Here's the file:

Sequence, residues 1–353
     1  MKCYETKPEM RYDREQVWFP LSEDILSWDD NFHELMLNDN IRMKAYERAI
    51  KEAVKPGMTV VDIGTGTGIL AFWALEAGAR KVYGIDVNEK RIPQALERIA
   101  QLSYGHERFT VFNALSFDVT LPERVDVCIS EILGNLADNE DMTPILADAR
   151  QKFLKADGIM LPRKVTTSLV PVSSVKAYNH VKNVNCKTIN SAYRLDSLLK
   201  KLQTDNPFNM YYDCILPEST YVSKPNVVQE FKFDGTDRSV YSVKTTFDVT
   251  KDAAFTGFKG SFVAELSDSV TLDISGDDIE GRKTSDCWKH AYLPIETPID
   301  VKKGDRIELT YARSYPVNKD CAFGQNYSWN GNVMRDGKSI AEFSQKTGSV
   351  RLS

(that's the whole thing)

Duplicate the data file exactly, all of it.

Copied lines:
Sequence, residues 1–353
     1  MKCYETKPEM RYDREQVWFP LSEDILSWDD NFHELMLNDN IRMKAYERAI
    51  KEAVKPGMTV VDIGTGTGIL AFWALEAGAR KVYGIDVNEK RIPQALERIA
   101  QLSYGHERFT VFNALSFDVT LPERVDVCIS EILGNLADNE DMTPILADAR
   151  QKFLKADGIM LPRKVTTSLV PVSSVKAYNH VKNVNCKTIN SAYRLDSLLK
   201  KLQTDNPFNM YYDCILPEST YVSKPNVVQE FKFDGTDRSV YSVKTTFDVT
   251  KDAAFTGFKG SFVAELSDSV TLDISGDDIE GRKTSDCWKH AYLPIETPID
   301  VKKGDRIELT YARSYPVNKD CAFGQNYSWN GNVMRDGKSI AEFSQKTGSV
   351  RLS